With its mission to eliminate preventable deaths in America, the National Safety Council (NSC) is facing a new killer of unprecedented magnitude. The opioid crisis is now the worst drug epidemic in U.S. history. Although Americans have heard about the crisis, 40% don't consider prescription pain medication as a threat to their family.
But the facts are chilling: 22,000+ Americans die annually from a prescription opioid overdose — one every 24 minutes. 33% of prescription opioid users don't know they're even taking opioids. And 64% of opioid misuse starts with people using someone else's medications.
What Americans didn't know was killing them.
NSC needed a dramatic way to humanize the issue, and: 1) Wake up America and its public health policymakers to the urgency of addressing the problem, 2) Dismantle misinformation and misconceptions surrounding opioid addiction, and 3) Offer new solutions to help consumers seek opioid alternatives, and get unused opioids out from the medicine cabinet and out of circulation.
Only when confronted with real people lost to overdoses do people understand their own vulnerability to addiction.
While 92 million Americans take prescribed opioids annually, most think the drug epidemic is due to junkies abusing illegal drugs. They may not consider the successful student athlete, loving mother, or active grandfather who never intended to develop an addiction to opioids and accidentally overdosed on opioids. Or, that this pattern of avoidable death is repeated every 24 minutes somewhere in America.
The first step in fighting a crisis is facing it. We took that to task, literally. Enlisting the precision-crafting of a CNC machine, we etched the actual faces of 22,000 overdose victims on replica opioid pills to create an emotionally-riveting traveling memorial. Then we teamed awareness with action: creating Warn Me labels for insurance cards -- demanding accountability from those filling America's opioid prescriptions; Stericycle envelopes to promote proper disposal of unused opioids; and progressive public policy directives to enact real change.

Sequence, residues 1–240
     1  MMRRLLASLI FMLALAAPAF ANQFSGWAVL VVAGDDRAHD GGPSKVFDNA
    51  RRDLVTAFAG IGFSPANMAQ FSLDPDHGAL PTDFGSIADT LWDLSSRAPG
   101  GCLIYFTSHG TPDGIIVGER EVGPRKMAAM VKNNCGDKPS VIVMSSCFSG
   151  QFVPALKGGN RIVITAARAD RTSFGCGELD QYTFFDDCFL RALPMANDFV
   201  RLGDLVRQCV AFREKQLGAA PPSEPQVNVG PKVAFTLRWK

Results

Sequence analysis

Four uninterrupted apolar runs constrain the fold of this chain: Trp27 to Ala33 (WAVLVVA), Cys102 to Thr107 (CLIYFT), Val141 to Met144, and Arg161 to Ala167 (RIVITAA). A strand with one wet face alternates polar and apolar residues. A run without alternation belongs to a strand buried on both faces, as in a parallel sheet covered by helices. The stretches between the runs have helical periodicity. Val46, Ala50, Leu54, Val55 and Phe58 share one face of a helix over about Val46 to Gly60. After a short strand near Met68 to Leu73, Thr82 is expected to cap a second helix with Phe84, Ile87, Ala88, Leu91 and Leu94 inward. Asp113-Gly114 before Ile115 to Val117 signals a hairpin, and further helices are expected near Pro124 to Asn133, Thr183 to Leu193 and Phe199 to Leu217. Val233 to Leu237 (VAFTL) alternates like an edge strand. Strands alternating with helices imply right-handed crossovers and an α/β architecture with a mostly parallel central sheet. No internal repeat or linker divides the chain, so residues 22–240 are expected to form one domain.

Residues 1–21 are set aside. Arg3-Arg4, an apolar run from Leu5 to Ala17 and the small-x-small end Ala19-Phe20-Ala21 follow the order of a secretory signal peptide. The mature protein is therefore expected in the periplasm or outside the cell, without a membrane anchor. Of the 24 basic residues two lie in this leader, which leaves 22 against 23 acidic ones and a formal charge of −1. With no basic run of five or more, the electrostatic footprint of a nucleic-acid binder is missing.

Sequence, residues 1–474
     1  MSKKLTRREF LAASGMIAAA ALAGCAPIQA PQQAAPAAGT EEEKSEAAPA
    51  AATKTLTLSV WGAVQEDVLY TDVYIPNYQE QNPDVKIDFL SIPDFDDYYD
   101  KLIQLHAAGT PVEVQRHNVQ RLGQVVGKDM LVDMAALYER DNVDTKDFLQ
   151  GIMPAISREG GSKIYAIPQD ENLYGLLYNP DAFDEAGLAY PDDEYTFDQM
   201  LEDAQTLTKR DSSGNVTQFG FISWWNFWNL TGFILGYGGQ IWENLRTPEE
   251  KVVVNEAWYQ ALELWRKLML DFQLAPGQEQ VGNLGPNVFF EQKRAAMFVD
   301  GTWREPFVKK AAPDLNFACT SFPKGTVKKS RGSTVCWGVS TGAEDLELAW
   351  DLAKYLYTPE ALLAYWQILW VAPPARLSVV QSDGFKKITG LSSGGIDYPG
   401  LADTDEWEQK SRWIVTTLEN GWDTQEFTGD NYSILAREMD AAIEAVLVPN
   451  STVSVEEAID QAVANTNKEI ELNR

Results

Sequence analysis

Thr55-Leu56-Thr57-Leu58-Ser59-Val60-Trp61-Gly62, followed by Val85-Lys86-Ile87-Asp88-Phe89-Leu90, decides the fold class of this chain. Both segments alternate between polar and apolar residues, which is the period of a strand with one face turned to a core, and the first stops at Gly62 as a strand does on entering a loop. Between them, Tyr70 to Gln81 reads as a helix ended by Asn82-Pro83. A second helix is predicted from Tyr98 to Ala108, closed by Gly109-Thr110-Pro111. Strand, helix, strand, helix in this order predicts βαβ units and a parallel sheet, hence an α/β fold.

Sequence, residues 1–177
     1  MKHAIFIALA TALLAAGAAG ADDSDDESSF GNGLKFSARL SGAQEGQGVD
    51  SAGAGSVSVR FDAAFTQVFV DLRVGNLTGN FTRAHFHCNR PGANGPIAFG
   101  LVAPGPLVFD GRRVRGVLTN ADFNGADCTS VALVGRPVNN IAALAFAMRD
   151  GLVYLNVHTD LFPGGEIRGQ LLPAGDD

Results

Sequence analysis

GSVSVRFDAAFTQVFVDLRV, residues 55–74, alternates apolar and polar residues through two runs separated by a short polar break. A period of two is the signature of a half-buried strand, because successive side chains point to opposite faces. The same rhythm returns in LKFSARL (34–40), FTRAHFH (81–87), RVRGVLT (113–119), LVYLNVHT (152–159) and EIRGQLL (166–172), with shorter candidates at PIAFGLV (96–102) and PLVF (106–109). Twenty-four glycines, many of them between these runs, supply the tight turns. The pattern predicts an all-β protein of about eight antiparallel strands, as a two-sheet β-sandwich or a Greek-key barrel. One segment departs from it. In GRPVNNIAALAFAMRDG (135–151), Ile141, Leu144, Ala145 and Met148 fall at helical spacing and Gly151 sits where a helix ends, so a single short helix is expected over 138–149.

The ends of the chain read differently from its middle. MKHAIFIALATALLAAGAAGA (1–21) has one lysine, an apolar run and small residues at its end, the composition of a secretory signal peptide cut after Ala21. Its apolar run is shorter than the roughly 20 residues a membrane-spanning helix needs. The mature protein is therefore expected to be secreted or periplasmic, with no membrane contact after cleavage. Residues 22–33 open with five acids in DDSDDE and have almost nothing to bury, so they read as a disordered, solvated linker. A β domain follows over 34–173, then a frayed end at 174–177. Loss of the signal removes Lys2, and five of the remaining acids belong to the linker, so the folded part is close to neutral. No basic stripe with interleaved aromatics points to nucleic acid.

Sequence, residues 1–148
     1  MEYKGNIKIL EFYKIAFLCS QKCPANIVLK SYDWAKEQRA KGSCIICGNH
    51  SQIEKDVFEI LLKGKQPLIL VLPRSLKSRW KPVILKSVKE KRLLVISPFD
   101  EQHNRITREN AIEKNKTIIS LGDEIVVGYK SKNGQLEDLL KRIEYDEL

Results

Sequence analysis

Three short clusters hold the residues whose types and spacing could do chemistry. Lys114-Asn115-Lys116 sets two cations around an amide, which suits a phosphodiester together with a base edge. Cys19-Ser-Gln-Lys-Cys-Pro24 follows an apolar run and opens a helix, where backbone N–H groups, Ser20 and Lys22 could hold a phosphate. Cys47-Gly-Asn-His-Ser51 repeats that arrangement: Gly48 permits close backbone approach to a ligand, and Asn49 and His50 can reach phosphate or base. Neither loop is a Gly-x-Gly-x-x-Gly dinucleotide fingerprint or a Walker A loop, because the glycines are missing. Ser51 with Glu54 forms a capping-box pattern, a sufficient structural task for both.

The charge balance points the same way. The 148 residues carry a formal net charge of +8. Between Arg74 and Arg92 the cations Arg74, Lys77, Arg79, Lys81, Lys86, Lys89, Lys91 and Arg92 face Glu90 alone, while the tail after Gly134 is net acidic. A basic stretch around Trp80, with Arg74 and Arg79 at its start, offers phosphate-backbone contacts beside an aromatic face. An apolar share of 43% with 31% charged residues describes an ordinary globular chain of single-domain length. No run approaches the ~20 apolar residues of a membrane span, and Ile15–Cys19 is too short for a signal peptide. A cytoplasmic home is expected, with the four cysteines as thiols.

"Prescribed to Death" humanized the devastating effects of opioids through a massive memorial dramatically depicting the faces of 22,000 victims who died last year from an opioid overdose. Targeting household health decision makers and pain sufferers, we publicized the overlooked facts and promoted positive actions the public can take.
PR drove foot traffic to the memorial and spread awareness through earned media channels. Localized digital billboards, urban panels, and bus shelters reached consumers in their daily lives, while a powerful PSA on the memorial drove national attention and social engagement. We also targeted medical offices through digital TV and living wallboards, and intercepted consumers during online health and wellness searches.
The memorial opened in Chicago where the public, prominent politicians and health professionals were confronted with a riveting wall memorializing 22,000 individual victims' faces carved on replicas of opioid pills. Every 24 minutes, another victim's face was carved on a new pill. Victim advocate rooms let visitors hear their stories, see their personal belongings, and speak with surviving loved ones. Visitors received free "Opioids: Warn Me" labels to apply to insurance and pharmacy cards, and Stericycle envelopes for proper disposal of unused prescription opioids.
We took the "Prescribed to Death" memorial on the road, targeting U.S. cities profoundly affected by the opioid crisis. It included a stop before 3,000+ global health officials attending the National Rx and Heroin Summi in Atlanta. This led to the ultimate invitation from the White House, Department of Interior, and the National Park Service to visit Washington, D.C. Once in Washington, the event presented the perfect opportunity for NSC to release its landmark "Prescription Nation" study on the epidemic and propose model legislation.
"Prescribed to Death" has established NSC as a leader in the fight against prescription opioid overdose. The work is leading a nation from awareness of an opioid epidemic to understanding, conversation and bipartisan commitment and action.
SHAPING PUBLIC HEALTH POLICY:
SPARKING PUBLIC CONVERSATION, PERCEPTION AND BEHAVIOR CHANGE:
PROVING THAT THE FIRST STEP IN COMBATTING A CRISIS IS FACING IT:
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